“Because of the Flores consent decree and a 9th Circuit Court decision, ICE can only keep families detained together for a very short period of time.”
— Attorney General Jeff Sessions, in a speech in Bozeman, Mont., June 7
“It’s the law, and that’s what the law states.”
— White House press secretary Sarah Huckabee Sanders, at a news briefing, June 14
“We do not have a policy of separating families at the border. Period.”
— Homeland Security Secretary Kirstjen Nielsen, on Twitter, June 17
The president and top administration officials say U.S. laws or court rulings are forcing them to separate families that are caught trying to cross the southern border.
These claims are false. Immigrant families are being separated primarily because the Trump administration in April began to prosecute as many border-crossing offenses as possible. This “zero-tolerance policy” applies to all adults, regardless of whether they cross alone or with their children.
The Justice Department can’t prosecute children along with their parents, so the natural result of the zero-tolerance policy has been a sharp rise in family separations. Nearly 2,000 immigrant children were separated from parents during six weeks in April and May, according to the Department of Homeland Security.
The Trump administration implemented this policy by choice and could end it by choice. No law or court ruling mandates family separations. In fact, during its first 15 months, the Trump administration released nearly 100,000 immigrants who were apprehended at the U.S.-Mexico border, a total that includes more than 37,500 unaccompanied minors and more than 61,000 family members.
Children continue to be released to their relatives or to shelters. But since the zero-tolerance policy took effect, parents as a rule are being prosecuted. Any conviction in those proceedings would be grounds for deportation.
We’ve published two fact-checks about family separations, but it turns out these Trumpian claims have a zombie quality and keep popping up in new ways.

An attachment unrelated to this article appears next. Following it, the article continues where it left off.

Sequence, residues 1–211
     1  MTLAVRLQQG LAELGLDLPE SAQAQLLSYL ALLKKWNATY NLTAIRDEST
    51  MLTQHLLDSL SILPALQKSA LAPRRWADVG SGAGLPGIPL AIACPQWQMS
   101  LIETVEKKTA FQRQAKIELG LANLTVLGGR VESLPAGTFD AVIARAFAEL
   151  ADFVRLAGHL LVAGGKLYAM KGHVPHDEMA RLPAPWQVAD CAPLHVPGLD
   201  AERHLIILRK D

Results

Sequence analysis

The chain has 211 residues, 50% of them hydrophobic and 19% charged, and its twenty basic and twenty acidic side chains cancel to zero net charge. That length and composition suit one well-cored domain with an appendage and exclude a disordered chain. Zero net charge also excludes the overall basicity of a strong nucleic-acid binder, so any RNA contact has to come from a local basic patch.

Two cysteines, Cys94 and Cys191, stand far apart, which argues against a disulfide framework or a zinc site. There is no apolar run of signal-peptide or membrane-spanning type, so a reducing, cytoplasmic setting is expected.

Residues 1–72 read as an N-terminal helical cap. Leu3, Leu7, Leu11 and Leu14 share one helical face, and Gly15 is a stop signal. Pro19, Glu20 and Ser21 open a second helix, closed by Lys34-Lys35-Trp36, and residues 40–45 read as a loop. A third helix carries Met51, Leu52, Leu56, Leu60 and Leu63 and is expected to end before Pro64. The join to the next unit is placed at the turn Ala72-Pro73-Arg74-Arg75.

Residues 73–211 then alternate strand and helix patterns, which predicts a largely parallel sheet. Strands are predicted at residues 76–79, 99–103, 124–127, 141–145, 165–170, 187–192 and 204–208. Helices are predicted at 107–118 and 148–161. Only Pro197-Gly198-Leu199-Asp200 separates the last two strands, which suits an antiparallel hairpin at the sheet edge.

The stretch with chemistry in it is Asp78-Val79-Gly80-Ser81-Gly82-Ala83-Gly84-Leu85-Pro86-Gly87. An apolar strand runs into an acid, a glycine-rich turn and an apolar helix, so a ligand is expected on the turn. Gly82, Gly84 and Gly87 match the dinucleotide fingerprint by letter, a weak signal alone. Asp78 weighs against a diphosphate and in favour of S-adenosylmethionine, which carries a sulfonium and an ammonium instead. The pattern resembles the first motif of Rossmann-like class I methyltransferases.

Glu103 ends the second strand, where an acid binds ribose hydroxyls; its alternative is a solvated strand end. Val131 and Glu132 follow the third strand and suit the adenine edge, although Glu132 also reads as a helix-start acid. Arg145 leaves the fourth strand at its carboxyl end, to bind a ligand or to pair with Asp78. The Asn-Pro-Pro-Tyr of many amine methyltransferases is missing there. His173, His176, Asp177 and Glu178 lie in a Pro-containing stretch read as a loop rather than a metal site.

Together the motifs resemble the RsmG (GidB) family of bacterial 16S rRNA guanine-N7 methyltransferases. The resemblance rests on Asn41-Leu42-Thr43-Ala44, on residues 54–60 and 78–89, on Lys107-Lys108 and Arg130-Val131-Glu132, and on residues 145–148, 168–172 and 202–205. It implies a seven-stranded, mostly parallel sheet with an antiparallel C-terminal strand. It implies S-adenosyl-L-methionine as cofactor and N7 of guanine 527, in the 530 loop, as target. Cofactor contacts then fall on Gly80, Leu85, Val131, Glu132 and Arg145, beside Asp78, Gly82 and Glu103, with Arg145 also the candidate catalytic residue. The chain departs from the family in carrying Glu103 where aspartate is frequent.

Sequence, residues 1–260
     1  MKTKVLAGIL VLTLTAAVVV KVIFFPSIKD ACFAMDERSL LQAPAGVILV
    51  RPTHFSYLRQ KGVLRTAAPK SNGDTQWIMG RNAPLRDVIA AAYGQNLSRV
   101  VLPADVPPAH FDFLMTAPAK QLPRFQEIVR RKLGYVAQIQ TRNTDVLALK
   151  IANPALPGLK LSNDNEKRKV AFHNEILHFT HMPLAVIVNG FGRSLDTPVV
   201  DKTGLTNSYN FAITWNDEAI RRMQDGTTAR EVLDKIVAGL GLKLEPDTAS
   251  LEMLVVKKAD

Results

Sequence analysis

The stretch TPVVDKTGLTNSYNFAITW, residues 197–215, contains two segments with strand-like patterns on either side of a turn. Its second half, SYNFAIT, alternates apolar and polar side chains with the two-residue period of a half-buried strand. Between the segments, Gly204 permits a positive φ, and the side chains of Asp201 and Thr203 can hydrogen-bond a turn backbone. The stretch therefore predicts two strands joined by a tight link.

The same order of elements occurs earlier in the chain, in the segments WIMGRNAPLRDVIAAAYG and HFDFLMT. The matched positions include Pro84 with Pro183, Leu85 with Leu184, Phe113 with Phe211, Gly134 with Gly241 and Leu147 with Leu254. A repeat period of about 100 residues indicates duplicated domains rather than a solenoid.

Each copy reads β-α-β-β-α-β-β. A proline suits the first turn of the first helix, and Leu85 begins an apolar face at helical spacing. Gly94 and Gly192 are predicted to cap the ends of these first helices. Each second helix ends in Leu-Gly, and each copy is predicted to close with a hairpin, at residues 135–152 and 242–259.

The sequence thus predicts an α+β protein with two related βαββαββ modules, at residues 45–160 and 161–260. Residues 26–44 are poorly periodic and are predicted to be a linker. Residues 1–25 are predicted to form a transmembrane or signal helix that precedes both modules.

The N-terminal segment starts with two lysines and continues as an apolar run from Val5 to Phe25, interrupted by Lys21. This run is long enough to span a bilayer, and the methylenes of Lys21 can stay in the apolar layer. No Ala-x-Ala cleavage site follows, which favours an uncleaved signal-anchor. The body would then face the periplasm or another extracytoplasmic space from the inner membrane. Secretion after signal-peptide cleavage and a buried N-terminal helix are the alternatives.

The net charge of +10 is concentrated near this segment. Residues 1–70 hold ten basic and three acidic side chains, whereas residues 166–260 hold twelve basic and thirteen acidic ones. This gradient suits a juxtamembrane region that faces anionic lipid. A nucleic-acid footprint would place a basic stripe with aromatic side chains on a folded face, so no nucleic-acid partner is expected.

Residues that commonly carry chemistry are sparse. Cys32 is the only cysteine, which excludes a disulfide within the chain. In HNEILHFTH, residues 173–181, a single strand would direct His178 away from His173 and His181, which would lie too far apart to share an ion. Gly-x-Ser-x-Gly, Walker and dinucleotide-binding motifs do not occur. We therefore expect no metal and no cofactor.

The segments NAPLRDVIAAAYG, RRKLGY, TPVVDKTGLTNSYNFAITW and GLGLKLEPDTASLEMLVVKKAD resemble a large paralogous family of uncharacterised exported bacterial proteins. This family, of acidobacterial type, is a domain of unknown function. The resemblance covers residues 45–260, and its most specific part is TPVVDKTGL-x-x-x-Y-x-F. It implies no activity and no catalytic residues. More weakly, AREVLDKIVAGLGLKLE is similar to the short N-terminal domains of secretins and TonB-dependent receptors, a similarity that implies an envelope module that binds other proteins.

In the latest iteration, Homeland Security Secretary Kirstjen Nielsen tweeted and then said at a White House briefing that the administration does not have “a policy of separating families at the border.” This is Orwellian stuff. Granted, the administration has not written regulations or policy documents that advertise, “Hey, we’re going to separate families.” But that’s the inevitable consequence, as Nielsen and other Trump administration officials acknowledge.
“Operationally what that means is we will have to separate your family,” Nielsen told NPR in May. “That’s no different than what we do every day in every part of the United States when an adult of a family commits a crime. If you as a parent break into a house, you will be incarcerated by police and thereby separated from your family. We’re doing the same thing at the border.”
Although we’ve fact-checked these family-separation claims twice, we hadn’t had the opportunity to assign a Pinocchio rating yet. We’ll do so now.

The Facts

Since 2014, hundreds of thousands of children and families have fled to the United States because of rampant violence and gang activity in El Salvador, Guatemala and Honduras. U.S. laws provide asylum or refugee status to qualified applicants, but the Trump administration says smugglers and bad actors are exploiting these same laws to gain entry. Nielsen says the government has detected hundreds of cases of fraud among migrants traveling with children who are not their own. Trump says he wants to close what he describes as “loopholes” in these humanitarian-relief laws.
The Central American refugee crisis developed during President Barack Obama’s administration and continues under Trump. The two administrations have taken different approaches. The Justice Department under Obama prioritized the deportation of dangerous people. Once he took office, Trump issued an executive order rolling back much of the Obama-era framework.
Obama’s guidelines prioritized the deportation of gang members, those who posed a national security risk and those who had committed felonies. Trump’s January 2017 executive order does not include a priority list for deportations and refers only to “criminal offenses,” which is broad enough to encompass serious felonies as well as misdemeanors.